WC should supplement lack of snow days by implementing mental health days

By Lexi Meola

Elm Staff Writer

This spring 2021 semester, Washington College has closed campus three times because of snow and ice. Although classes are virtual, some students believe they should be cancelled when campus is closed. 

Enforcing virtual snow days is impractical due to the way it will force professors to rewrite their syllabi.  It would be better to implement mental health days throughout the semester to help take some of the stress caused by heavy workloads off of students. Professors can do this by allocating one or two days a semester as “mental health days” — holding themselves accountable by writing these breaks into their syllabi.

Licensed psychologist Dr. Ashley Hampton told Healthline, “If you feel overwhelmed, stressed, have trouble focusing or concentrating on work or at home, or are more irritable, then you may want to consider taking a mental health day.” 

In an online poll answered by 15 WC students and administered via GroupMe, 12 said there should be virtual snow days while three disagreed.

The poll results indicated that some students are in favor of virtual snow days.

Being on Zoom for hours a day is not healthy for anyone — Psychiatric Times acknowledges Zoom fatigue as “widely prevalent” and “intense.” Some WC students expressed how desperate they are for a break from the stress of constant online meetings, classes, and homework.

Senior Will Reid said that he could use a virtual snow day to take a break from technology, catch up on work, and relax without having to worry about missing a Zoom call. He believes that cancelling virtual classes in accordance with closing campus could positively impact the mental health of WC students.

“I absolutely think snow days give a good mental health break for students,” Reid said. “I think that it gives us a day to relax and just have fun. My mood is affected by the weather, as are others’ [moods]. So, when I see snow, I want to get something warm to drink and cuddle up with a good book. I can’t do that if I have classes from 9 a.m.–5 p.m.”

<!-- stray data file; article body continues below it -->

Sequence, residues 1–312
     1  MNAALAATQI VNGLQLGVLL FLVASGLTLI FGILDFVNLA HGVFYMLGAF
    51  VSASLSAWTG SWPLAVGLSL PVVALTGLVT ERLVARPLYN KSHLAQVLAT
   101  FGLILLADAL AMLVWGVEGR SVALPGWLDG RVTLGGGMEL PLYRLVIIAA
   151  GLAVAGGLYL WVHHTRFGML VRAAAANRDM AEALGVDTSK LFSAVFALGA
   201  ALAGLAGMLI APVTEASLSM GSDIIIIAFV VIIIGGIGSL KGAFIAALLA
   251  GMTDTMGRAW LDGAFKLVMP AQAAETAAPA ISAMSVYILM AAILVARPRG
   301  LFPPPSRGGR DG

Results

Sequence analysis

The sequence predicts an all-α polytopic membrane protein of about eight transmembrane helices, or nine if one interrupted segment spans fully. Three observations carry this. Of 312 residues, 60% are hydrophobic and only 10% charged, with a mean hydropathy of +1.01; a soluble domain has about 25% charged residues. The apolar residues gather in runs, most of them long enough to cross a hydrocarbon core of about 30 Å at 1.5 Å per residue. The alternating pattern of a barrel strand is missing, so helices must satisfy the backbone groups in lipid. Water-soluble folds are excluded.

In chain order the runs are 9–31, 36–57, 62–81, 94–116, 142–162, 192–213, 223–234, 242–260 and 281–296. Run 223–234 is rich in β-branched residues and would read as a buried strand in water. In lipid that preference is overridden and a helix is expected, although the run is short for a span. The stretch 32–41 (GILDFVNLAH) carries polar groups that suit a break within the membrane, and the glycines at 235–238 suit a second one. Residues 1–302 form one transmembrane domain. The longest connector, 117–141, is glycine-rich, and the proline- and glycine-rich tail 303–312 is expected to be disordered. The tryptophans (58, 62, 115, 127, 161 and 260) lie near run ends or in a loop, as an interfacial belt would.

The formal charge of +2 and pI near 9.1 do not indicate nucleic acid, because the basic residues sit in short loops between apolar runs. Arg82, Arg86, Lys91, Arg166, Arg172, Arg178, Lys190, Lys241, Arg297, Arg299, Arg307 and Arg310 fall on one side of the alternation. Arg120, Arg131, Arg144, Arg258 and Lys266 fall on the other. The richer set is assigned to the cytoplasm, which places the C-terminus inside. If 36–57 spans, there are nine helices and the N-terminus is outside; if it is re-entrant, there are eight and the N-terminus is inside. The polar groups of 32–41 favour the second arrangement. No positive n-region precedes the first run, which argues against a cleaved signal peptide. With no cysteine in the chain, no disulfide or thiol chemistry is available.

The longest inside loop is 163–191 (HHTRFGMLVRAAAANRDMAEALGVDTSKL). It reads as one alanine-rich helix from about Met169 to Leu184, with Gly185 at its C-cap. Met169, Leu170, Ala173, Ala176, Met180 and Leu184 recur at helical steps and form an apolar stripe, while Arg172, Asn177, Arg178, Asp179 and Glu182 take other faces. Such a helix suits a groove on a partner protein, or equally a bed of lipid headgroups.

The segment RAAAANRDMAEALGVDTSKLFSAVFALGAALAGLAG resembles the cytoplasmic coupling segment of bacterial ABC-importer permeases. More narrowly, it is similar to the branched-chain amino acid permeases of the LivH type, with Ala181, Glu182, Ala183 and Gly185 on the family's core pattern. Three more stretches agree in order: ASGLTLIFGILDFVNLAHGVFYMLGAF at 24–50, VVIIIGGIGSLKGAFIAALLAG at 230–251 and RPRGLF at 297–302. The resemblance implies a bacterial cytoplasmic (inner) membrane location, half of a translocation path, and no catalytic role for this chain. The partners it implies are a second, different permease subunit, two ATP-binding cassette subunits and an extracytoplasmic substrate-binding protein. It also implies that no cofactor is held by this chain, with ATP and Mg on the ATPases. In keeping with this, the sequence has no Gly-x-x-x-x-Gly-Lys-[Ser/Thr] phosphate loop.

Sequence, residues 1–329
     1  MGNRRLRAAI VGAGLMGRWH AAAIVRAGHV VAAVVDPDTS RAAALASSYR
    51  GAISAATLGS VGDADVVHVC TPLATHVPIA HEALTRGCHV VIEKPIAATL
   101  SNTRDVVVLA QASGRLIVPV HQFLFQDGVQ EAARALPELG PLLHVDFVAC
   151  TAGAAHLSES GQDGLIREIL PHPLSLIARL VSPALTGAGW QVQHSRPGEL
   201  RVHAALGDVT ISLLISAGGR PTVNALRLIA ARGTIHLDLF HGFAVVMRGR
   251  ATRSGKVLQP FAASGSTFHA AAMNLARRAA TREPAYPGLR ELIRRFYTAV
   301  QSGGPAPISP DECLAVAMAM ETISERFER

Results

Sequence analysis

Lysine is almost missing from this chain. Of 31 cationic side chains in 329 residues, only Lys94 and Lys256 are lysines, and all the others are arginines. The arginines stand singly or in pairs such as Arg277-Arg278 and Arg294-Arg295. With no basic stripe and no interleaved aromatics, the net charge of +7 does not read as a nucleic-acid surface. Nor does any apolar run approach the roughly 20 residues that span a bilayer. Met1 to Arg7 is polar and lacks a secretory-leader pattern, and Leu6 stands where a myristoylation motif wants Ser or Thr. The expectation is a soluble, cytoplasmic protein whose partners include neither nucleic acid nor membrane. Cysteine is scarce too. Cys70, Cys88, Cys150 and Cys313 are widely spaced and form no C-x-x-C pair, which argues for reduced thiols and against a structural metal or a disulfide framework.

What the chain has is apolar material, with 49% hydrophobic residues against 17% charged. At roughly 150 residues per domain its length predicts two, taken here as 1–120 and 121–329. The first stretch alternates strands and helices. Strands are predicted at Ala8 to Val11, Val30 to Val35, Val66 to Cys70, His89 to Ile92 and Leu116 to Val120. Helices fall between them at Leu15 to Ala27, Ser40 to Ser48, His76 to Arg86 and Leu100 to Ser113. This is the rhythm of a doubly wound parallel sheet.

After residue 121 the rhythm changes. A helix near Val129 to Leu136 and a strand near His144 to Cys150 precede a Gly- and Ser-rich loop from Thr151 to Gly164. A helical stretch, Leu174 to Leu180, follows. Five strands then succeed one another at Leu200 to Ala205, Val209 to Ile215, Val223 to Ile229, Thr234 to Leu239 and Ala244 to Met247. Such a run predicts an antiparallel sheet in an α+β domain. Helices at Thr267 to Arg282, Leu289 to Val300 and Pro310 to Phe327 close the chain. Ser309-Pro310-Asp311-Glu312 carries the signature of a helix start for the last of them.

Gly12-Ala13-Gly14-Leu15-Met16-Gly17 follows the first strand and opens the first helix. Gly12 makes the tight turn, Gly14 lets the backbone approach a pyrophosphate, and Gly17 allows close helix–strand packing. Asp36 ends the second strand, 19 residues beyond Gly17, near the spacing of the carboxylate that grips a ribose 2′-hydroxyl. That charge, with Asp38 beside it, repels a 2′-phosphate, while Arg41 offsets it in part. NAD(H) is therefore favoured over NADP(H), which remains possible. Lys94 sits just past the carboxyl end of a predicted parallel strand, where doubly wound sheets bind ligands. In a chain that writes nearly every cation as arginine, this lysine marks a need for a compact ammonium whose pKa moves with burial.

Junior Maggie Poppiti also believes that virtual snow days could be beneficial for students.

“I do believe that every once in a while, like during the winter season if there’s a snow day on a Friday or a Monday that we should have a snow day,” she said. “It’s nice to have time where we do not have to focus on our work or time when we can catch up on work if we are behind.”

Other students questioned the worth of having to postpone lessons that could have proceeded as usual, subsequently causing students to fall behind in their classes.

 “There is no point in losing a day and having to play catch-up if all we are doing is sitting on our laptops. It would be a waste of a day and more stress would be put on the student and professor,” junior Meagan Jenkins said.

Sophomore Julia Totis agrees with Jenkins’s sentiment. 

“With snow days, it would be nice to have a break, but it would cause more work and stress in the long run. We are still able to learn so I feel like it would be a waste of time,” she said.

“I think we shouldn’t wait for snow days to give students a mental health day,” Jenkins said. “Those should be scheduled into the professor’s syllabi. Students should have a mental health day scheduled in each class at least once a month, maybe twice. If we only use snow days as a mental health day, then how would students have one in the warmer months?” 

I believe this is a good compromise. WC faculty should work on having mental health days built into every semester — whether that be through individual professors in their syllabi, or through the official school schedule. 

Featured Photo caption: The sight of WC covered in snow has caused some students to lament the loss of what would have been a day of cancelled classes pre-virtual learning. Photo by Ben Wang.

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